TMJ Syndrome / Jaw Pain

tmj

 

The Temporomandibular Joint

If you place your fingers in front of either ear and open your jaw, you’ll feel changing shapes beneath your fingers. You are feeling the joint where the temporal bone of your skull attaches to your mandible (jaw)-the joint that is called the temporomandibular joint or TMJ. This fascinating joint connects your jaw to your head. Ligaments, cartilage, fascia, an articular disc, muscles, nerves and blood vessels run in, around and through the TMJ.

Symptoms of TMJ Syndrome

TMJ dysfunction or syndrome occurs when the joint is misaligned or malfunctioning in some way that subjects it to excess pressure. Among the most common symptoms of TMJ dysfunction are the inability to open the mouth wide and a clicking or popping sound when the mouth opens or closes. In some cases, the jaw can even temporarily lock up.

Other TMJ symptoms can be severe headaches; loss of hearing; tinnitus (ringing in the ears); the sensation of an object in the throat; facial swelling; shoulder, cheek or jaw joint pain; neck ache; tic douloureux (facial nerve pain); pain in or under the ear, the eye or upon swallowing; tooth pain; migraine: nausea; blurred vision and dizziness.

Some researchers have even linked TMJ dysfunction to throat infections, sinus congestion, ear infections and asthma. Others have linked the syndrome to heart, stomach, intestinal, respiratory and emotional disorders.

Who Gets TMJ?

According to John D. Laughlin 111, president of the Holistic Dental Association:

Up to seventy-eight percent of the general public (over 175 million) have some amount of TMJ dysfunction. This condition can begin during the birth process. One of the primary causes can be poor nutrition. TMJ affects more women than men, with high stress “superwomen” being very prone to it.

Causes of TMJ

TMJ may be caused by trauma: a child may fall on its sacrum and in time, through the adaptive body mechanisms, the pelvic imbalance can affect the TMJ, head and neck. According to Dr. Gerald Smith, a specialist in the field of structural dentistry, dental work, especially improperly fitting braces or orthodontia is the cause of many TMJ problems:

Chronic headaches, scalp tenderness, pains behind the eyes, muffled ear sounds, ringing, hissing or other ear distortions, balance problems, nausea, facial tightness, cervical or lower back pain or restriction of neck motion should all be thoroughly investigated for possible implication in cranial distortions, especially if they appear within days after braces are placed. These same symptoms may surface within a period of six months to several years. Sometimes the head pains caused by ill-fitting dental work can be quite intense. TMJ may also be caused by trauma of many kinds, not only those directly affecting the head and jaw and not only those of recent origin.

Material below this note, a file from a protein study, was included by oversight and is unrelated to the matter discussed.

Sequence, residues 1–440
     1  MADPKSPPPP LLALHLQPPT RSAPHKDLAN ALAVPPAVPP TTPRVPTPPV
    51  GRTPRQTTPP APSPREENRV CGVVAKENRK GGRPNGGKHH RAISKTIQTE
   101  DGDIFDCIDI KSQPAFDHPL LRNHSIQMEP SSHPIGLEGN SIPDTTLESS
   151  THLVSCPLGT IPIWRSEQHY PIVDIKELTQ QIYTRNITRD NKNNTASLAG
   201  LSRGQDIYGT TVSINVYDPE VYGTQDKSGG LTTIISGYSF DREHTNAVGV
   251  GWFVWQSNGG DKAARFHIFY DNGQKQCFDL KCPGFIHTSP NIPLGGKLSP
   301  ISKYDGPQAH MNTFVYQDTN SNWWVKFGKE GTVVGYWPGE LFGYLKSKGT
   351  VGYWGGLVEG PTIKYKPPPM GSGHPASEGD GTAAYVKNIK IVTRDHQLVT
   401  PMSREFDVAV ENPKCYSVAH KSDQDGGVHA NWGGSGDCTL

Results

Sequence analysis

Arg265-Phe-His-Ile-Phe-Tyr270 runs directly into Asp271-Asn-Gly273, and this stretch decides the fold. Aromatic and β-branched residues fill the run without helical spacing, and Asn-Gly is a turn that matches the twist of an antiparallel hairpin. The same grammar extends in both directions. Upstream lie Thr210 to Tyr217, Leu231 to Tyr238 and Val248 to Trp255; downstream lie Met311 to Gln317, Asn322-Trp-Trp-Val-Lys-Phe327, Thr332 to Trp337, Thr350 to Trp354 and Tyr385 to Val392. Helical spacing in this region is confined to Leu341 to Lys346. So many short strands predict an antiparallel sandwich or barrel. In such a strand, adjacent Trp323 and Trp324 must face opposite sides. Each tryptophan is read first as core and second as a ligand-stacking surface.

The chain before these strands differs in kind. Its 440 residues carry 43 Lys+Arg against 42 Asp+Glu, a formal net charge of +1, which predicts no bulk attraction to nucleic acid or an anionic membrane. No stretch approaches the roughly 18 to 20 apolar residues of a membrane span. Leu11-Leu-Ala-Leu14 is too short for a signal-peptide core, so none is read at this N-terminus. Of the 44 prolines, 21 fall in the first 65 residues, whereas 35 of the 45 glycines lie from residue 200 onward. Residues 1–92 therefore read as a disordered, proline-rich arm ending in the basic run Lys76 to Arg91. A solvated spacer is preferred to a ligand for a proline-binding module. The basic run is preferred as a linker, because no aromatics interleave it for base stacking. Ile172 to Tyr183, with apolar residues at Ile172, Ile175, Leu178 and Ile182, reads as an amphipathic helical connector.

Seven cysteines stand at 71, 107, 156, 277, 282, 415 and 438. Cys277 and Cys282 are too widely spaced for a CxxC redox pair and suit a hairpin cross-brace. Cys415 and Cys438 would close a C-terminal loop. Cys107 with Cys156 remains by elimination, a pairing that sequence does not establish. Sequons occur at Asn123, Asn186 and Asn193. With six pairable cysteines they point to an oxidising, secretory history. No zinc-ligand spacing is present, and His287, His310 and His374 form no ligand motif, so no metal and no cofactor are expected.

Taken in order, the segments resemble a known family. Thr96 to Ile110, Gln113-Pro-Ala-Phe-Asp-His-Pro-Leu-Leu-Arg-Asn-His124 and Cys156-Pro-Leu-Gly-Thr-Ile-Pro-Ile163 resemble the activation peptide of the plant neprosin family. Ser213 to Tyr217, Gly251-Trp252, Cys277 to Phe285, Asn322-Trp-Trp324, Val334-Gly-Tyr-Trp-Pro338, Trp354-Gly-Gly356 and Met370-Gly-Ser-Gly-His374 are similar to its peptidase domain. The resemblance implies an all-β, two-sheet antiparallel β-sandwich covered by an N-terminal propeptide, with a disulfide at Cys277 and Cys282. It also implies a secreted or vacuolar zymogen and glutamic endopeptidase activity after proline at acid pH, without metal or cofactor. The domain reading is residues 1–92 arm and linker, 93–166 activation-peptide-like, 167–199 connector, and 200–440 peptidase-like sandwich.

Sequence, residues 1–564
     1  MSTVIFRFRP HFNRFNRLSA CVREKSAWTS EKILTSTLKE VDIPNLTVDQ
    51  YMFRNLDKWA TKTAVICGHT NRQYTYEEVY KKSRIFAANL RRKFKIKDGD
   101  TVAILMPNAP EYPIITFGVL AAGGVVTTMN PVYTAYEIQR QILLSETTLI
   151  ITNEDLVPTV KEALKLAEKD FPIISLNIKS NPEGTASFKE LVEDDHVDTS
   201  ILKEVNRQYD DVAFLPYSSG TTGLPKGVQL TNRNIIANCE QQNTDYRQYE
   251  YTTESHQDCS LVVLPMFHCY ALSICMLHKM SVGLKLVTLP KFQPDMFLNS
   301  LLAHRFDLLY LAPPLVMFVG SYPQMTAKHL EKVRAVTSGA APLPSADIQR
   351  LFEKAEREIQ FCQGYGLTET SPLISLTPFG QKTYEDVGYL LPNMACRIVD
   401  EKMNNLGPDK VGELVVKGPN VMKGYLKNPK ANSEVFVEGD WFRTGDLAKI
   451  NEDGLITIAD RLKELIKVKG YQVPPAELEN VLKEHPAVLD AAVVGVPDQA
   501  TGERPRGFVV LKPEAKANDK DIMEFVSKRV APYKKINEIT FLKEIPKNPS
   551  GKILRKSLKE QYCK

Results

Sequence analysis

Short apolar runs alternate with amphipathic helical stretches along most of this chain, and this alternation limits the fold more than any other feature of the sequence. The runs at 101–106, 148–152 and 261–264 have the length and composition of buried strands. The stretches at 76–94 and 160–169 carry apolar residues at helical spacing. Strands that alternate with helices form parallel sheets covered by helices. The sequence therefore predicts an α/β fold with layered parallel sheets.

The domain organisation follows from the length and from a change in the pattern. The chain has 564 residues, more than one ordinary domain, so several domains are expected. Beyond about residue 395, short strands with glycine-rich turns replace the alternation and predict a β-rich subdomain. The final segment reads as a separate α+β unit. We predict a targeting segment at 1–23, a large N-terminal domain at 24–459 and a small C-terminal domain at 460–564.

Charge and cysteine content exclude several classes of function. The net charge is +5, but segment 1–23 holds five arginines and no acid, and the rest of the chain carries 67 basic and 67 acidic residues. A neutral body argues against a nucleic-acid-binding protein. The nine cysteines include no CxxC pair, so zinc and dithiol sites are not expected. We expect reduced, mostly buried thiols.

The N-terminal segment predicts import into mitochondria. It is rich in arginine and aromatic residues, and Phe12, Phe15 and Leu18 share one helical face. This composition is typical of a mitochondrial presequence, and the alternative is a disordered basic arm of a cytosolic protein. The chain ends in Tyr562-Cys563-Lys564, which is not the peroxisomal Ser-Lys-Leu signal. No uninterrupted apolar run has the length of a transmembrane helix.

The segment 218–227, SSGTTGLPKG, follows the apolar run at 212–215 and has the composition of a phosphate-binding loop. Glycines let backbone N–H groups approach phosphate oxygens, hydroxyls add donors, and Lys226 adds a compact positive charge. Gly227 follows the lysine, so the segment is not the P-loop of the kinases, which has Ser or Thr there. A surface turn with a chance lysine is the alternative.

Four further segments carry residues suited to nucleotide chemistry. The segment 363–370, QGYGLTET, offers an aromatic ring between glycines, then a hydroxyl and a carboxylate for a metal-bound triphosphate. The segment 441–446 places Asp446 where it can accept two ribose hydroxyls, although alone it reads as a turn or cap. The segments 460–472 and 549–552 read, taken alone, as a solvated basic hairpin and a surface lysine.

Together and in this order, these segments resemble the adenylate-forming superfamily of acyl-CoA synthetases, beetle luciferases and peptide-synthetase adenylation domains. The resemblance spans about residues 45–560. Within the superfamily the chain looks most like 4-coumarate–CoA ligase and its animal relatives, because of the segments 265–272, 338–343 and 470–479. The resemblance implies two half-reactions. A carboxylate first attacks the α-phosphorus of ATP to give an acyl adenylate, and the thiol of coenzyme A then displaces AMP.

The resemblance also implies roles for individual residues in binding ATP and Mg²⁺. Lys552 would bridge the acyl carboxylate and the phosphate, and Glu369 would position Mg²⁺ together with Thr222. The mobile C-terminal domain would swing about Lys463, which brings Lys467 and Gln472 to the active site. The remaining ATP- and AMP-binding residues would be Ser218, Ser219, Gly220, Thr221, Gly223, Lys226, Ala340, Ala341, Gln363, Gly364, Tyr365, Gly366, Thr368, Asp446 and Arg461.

The Chiropractic Approach

Spinal and TMJ problems are often found together. Chiropractic care, especially in the area of the upper cervical spine and skull, often relieves pressure on the spine and the cranial bones. Often a chiropractic spinal adjustment can greatly benefit someone suffering from what had been thought to be only a TMJ problem. Conversely, an unhealthy skull/jaw alignment can put great stress upon the spinal column. There are documented cases of dental problems that, once corrected, have helped chiropractic patients to better hold their spinal adjustments.

In one study, 30 chronic TMJ sufferers were randomised into 3 groups (two had chiropractic and one was a control). The groups receiving chiropractic care had the most significant relief from pain. In another study, sixty patients with chronic cervical pain were divided into chiropractic and control groups. There was a dramatic improvement in TMJ pain in the chiropractic group compared to the control group. Eleven patients with chronic TMJ revealed a shift from high-intensity to low-intensity pain between the beginning and end of care (63.6% to 18.2%). A significant change of mouth opening range was also observed.

An individual case involved a 41-year-old woman with bilateral TMJ pain, ear pain, tinnitus, vertigo, decreased hearing and a sensation of pressure or fullness in both ears. She also had a 22 year history of migraine headaches. Prescribed antibiotics caused gastric upset and vomiting. MDs told her to apply local heat, reduce talking and eat soft foods. Her symptoms worsened. Chiropractic care to the atlas vertebrae resulted in complete relief of TMJ symptoms after 9 visits and headache relief. At a one year follow-up she reported no TMJ symptoms and no headaches for the prior 9 months.

In Conclusion

Certain chiropractic and body alignment techniques have been developed that analyze skull/jaw/spinal structural relationships. These techniques have benefited patients suffering from the hidden distortions that sometimes arise within us.

All TMJ sufferers should have a chiropractic checkup, and anyone who has been to the dentist should follow up that visit with a quick stop at their chiropractor.